Install fails because module ‘is-property’ isn’t installed

I was having some weird compile errors while trying to use node.js or io.js.

“Install fails because module ‘is-property’ isn’t installed” was another one of them.

This git issue reports there are some bugs in the Windows version of io.js to do with paths of more than 259 characters.

After upgrading to io.js 2.3.1 I seemed to get around at least this issue.

Writing node.js on Windows so far feels like a bit of a battle!

npm Set Visual Studio Compiler Version

Node.js or io.js will sometimes require a C++ compiler to build packages for you. On Microsoft Windows you can use Visual Studio. The newer free Visual Studio Community or the older (and also free) Visual Studio Express editions should get you going if you don’t have a commercial copy of Visual Studio.

To check the compiler npm is configured to use try:

npm config list

and check the msvs_version value.

You can specify a Visual Studio version for npm to use.

npm config set msvs_version 2013


npm config set msvs_version 2013 –global

Another option is to run


You can use other Visual Studio version numbers like 2012, 2010 etc.

There is also a Visual Studio plugin called Node.js Tools for Visual Studio that is quite useful. It is free and open source.

Visual Studio 2015 RC Hanging on Android SDK install

My Visual Studio 2015 install was still going after about 3+ hours on the Android SDK. It seemed like it had hung.

To figure out what is going on, I looked in the %temp% directory and there is a file called AndroidSDK_SI.log. Opening this log I could see that the install was still happening. The problem was how long it was taking. It sped up significantly after I stopped Star Citizen updating!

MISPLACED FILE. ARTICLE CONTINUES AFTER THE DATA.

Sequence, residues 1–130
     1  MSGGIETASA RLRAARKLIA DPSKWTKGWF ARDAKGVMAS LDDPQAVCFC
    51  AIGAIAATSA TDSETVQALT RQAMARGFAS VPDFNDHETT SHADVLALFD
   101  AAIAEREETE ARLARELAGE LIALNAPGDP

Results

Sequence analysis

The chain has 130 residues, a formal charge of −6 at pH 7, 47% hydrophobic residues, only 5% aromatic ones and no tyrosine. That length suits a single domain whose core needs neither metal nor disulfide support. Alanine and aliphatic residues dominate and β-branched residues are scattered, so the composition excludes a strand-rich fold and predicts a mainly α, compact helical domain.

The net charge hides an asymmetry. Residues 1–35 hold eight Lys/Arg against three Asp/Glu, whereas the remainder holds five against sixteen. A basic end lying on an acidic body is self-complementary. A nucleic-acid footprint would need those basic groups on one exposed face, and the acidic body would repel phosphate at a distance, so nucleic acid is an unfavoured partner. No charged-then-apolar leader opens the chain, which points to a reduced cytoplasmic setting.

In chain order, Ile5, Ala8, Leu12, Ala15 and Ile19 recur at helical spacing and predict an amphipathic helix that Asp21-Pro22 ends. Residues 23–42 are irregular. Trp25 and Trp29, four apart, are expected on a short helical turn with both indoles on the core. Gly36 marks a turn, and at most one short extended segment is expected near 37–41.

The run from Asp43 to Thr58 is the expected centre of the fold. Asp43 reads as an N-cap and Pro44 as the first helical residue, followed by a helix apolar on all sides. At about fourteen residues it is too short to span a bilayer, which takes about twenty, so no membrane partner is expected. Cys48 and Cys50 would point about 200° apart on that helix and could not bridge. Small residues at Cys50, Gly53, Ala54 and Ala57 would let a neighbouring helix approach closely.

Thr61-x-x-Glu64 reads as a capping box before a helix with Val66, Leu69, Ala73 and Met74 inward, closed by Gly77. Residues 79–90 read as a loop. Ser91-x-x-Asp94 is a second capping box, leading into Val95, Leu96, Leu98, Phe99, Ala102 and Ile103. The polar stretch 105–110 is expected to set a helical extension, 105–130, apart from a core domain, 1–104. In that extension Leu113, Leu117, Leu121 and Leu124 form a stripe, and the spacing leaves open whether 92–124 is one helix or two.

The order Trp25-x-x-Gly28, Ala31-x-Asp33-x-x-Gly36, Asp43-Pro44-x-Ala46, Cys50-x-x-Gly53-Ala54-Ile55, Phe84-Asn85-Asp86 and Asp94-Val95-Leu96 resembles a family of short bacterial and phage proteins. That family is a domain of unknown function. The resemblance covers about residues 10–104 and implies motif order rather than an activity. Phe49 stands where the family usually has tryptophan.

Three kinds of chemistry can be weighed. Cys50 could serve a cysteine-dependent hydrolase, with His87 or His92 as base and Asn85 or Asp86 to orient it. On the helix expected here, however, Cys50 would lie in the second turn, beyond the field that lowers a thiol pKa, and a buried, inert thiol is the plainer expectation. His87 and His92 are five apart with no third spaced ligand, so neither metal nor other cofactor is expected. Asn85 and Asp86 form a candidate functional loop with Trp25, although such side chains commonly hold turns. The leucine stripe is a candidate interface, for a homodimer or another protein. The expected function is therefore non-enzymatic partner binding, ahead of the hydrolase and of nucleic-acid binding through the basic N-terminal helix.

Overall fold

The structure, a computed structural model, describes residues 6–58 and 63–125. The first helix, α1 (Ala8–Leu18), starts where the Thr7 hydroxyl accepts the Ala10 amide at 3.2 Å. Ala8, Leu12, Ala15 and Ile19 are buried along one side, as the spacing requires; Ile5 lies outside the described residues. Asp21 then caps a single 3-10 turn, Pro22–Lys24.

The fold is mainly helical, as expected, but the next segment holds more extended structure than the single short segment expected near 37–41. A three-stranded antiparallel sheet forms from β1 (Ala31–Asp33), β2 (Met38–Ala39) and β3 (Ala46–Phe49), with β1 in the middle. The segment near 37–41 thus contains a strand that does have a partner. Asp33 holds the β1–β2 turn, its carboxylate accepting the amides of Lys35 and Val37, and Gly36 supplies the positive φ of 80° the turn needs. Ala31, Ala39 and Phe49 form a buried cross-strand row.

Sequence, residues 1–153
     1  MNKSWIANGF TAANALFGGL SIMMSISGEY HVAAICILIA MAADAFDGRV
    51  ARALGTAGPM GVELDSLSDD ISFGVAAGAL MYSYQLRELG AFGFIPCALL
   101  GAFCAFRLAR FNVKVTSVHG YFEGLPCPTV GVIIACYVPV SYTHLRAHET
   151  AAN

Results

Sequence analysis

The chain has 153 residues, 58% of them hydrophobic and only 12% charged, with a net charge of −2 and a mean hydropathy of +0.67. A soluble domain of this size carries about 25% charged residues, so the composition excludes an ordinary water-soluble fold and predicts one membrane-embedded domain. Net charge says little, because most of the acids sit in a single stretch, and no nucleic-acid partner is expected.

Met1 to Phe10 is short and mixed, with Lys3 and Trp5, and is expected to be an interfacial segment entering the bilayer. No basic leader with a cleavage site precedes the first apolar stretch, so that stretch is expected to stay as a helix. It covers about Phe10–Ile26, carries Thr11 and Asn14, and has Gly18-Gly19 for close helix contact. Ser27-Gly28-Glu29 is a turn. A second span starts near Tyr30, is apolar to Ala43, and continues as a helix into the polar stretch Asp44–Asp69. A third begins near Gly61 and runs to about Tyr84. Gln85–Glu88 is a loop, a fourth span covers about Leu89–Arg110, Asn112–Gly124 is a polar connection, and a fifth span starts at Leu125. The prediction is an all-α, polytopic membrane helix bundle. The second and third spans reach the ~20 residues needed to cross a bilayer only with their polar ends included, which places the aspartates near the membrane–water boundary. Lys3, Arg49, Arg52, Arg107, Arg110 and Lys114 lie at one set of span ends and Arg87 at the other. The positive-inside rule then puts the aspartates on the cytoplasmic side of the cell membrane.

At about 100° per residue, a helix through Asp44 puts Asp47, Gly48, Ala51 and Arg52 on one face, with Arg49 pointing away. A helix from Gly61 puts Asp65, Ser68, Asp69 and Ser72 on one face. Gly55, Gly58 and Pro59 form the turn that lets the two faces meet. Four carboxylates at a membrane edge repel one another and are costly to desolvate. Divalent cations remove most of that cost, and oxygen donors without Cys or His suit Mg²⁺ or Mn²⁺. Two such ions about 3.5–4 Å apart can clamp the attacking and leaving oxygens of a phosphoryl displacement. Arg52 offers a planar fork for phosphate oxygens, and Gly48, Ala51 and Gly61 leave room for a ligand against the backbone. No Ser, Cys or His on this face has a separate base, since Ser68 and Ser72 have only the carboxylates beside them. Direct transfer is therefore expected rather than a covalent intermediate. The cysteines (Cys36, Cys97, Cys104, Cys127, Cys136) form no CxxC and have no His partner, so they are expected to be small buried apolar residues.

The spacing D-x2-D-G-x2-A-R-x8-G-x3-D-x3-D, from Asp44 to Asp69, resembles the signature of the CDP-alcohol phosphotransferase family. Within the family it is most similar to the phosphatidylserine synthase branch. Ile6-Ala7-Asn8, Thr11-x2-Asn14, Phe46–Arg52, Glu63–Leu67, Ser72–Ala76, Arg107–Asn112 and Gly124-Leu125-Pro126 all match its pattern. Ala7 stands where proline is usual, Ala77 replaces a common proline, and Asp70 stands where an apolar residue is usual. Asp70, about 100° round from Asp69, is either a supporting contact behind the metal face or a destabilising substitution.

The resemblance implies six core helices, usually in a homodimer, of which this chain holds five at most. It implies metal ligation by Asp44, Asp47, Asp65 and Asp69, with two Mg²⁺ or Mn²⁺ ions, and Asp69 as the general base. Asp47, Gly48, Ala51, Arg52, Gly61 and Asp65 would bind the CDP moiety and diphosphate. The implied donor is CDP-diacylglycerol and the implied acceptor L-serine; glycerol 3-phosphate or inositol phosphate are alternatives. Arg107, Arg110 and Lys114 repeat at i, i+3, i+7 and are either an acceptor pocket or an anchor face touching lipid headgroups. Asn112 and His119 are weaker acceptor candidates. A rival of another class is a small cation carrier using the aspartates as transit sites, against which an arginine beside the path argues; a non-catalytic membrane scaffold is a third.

The Visual Studio installer could really do with a better feedback mechanism to let you know what something is still really happening. Some animated dots aren’t very convincing after several hours. Even an advanced GUI option to display the output of the currently executing log file in a text box would be useful. The Android SDK log was quite useful as it showed percentage of the download, download speed and estimated times.

Anyway, check it out if your Android SDK install looks like it is hanging.

Another option is the kill the SecondaryInstaller.exe in Task Manager if you really think it is hung. This is what is running your Android SDK install. You can try repair Visual Studio later to make sure everything is okay.

Redirecting Users Based on their Country IP Address

I can’t sleep, so it’s time for a rant about redirecting users based on their country IP address.

Just because I am in a country, does not mean I want to be shown a site in that countries language! Okay, some of you might be thinking this sounds perfectly reasonable, because most people in country will be able to read that language. Well, I am here to let you know you are wrong 😉

So what is the correct solution to choosing which language to show your website visitors?

Answer: Web browser cultural settings!

Yes, your browser tells a web server your preferred language.

Examples of why you should check cultural browser settings and not redirect on IP address:

  • You may be a traveler who doesn’t speak that language.
  • You may be a local person who prefers to use a different language. Some countries even have multiple languages, eg Switzerland as four national languages, 3 official languages at a national level. I’ll leave you to go check Wikipedia if you don’t know what they are.
  • There might be more, but the first one is the most important, because that is often me.